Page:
Participants in the Ironman 70.3 Maine run Sunday down Water Street in Hallowell while automobile traffic is at a standstill. Police waved vehicles through during lulls in the race. A 34-year-old woman from Belmont was arrested Sunday for hitting a police officer with her car after becoming irate at the delay. Ashley Allen/Kennebec Journal

HALLOWELL — A Belmont woman was arrested on a variety of charges Sunday after she hit an officer with her vehicle because she was frustrated with a traffic jam caused by a triathlon, according to officials.

Katherine D. Kelley, 34, was arrested on charges of failing to follow emergency directions of a police officer, driving to endanger, felony-level assault on a police officer and failing to follow a traffic control device, according to Christopher Giles, the interim police chief in Hallowell.

Giles said city police officers had stopped vehicle traffic on Water Street, across from Academy Street, to allow a group of Ironman 70.3 Maine runners to cross Water Street, when Kelley, who was driving southbound, became irate at the delay.

“She was commanded by an officer to stop because of a potential safety hazard to several runners,” Giles said. “She briefly stopped, had an exchange with the officer where she refused to comply with those commands and drove her vehicle at the officer, striking the officer in the leg.”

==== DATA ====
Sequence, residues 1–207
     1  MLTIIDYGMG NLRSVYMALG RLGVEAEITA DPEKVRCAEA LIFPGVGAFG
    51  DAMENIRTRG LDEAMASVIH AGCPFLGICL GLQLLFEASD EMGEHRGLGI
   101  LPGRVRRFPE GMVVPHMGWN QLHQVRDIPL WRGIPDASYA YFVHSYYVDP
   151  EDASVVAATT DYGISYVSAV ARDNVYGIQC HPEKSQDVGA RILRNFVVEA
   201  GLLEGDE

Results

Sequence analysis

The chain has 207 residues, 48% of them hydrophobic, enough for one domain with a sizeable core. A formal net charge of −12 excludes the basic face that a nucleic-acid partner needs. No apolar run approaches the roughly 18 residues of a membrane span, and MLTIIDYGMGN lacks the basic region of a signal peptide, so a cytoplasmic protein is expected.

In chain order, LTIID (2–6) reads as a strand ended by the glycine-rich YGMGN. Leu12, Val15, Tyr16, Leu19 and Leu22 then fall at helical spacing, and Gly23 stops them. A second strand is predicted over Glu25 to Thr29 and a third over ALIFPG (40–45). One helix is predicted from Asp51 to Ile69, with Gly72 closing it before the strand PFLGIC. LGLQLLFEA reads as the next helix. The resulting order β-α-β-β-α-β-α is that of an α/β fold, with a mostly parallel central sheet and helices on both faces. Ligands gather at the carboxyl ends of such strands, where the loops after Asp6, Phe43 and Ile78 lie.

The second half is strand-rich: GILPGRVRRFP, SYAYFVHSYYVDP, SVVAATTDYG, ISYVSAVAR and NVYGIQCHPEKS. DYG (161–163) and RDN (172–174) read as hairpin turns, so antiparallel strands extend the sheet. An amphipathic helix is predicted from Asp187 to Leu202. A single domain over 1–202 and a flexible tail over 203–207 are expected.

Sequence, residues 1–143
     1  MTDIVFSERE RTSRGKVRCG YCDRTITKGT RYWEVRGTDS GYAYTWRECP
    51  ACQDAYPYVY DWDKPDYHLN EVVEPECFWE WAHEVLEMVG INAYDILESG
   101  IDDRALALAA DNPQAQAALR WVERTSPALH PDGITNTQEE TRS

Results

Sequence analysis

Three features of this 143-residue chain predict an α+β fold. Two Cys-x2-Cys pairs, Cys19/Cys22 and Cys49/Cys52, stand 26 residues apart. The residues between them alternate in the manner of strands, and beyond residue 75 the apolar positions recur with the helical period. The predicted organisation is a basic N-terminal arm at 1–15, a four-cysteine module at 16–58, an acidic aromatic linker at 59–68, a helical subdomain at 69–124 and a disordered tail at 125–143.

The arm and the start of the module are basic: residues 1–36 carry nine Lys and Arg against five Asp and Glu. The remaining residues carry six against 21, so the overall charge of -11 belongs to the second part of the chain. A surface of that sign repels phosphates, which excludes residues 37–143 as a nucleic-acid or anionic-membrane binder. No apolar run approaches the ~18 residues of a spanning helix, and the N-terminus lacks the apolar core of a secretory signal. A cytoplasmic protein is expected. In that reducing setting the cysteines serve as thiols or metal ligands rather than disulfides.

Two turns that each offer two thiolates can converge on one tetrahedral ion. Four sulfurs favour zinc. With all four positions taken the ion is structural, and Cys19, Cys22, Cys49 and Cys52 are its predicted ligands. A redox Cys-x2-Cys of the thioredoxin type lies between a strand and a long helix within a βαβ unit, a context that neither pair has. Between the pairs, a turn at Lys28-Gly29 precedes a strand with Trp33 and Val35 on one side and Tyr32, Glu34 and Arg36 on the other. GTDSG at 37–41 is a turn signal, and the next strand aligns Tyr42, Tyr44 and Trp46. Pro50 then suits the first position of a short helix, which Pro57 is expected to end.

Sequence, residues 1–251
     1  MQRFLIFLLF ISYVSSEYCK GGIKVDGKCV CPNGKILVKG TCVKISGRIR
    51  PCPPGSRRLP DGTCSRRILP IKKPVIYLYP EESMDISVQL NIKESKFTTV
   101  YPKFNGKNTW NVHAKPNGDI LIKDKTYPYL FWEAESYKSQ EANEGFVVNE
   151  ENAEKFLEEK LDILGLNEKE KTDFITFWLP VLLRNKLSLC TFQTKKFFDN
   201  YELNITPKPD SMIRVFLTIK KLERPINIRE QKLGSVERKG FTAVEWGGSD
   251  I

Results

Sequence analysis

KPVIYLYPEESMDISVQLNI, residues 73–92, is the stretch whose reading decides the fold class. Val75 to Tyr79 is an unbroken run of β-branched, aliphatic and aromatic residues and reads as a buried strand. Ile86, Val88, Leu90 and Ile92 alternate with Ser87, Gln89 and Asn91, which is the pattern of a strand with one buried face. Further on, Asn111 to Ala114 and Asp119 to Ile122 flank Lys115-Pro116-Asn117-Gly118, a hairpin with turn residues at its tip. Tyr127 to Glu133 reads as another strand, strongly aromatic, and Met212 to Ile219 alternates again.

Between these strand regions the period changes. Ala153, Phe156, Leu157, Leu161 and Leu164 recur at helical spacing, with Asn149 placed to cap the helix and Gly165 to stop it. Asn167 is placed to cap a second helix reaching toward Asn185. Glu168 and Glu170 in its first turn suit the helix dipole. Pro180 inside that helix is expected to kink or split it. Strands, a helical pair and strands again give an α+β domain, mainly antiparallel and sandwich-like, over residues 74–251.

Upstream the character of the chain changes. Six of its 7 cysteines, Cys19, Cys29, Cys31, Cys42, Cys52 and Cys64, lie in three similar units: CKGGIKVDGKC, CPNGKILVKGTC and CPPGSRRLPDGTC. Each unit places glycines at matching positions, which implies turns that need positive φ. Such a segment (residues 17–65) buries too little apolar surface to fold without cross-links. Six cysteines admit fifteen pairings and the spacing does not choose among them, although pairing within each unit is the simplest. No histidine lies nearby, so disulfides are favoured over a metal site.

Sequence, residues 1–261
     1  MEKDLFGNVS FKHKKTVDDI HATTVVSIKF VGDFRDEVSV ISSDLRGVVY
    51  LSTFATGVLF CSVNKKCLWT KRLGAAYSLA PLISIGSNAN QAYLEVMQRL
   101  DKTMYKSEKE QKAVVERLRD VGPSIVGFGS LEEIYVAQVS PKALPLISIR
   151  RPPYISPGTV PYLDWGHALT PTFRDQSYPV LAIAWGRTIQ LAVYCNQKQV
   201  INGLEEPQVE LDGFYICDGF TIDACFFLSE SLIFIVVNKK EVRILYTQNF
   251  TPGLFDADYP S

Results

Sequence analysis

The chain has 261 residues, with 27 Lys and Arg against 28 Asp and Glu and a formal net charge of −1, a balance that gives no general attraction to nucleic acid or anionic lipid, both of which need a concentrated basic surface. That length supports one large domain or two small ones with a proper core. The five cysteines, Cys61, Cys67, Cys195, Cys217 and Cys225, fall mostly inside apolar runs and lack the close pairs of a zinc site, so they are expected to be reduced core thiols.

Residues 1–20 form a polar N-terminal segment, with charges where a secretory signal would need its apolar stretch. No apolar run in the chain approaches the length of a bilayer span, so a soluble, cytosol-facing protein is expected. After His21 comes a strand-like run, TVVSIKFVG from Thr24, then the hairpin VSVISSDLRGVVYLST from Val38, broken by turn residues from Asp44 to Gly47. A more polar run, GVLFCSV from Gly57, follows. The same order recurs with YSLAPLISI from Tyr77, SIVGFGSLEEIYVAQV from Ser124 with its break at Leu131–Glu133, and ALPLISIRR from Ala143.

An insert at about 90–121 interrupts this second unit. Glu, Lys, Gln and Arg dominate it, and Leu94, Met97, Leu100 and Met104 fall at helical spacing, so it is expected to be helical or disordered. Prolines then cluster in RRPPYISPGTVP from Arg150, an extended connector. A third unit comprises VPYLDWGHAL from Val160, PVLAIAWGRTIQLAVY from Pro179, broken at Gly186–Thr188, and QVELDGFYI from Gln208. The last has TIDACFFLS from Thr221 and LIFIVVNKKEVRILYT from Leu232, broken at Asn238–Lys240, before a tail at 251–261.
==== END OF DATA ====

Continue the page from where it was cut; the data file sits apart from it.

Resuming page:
The officer, whom Giles declined to identify, sought medical treatment for a minor injury.

During the race, one lane had been coned off for Ironman 70.3 Maine competitors to complete the final running leg of the competition, and two lanes were coned off for traffic, one in each direction.


No other similar incident was reported across the cities and towns through which the course of this year’s Ironman 70.3 Maine competition ran.

The swimming leg of the race took place in a stretch of the Kennebec River.

The cycling portion of the race followed a 56-mile loop through Augusta, Chelsea, Pittston, Dresden, Richmond, Litchfield, Gardiner, West Gardiner, Hallowell and Farmingdale.

The running leg began with a loop in Augusta, followed by a loop on the west side of the Kennebec River.

Kevin Lully, the deputy police chief in Augusta, where the race began and ended, said Monday no safety concerns were reported in the city.

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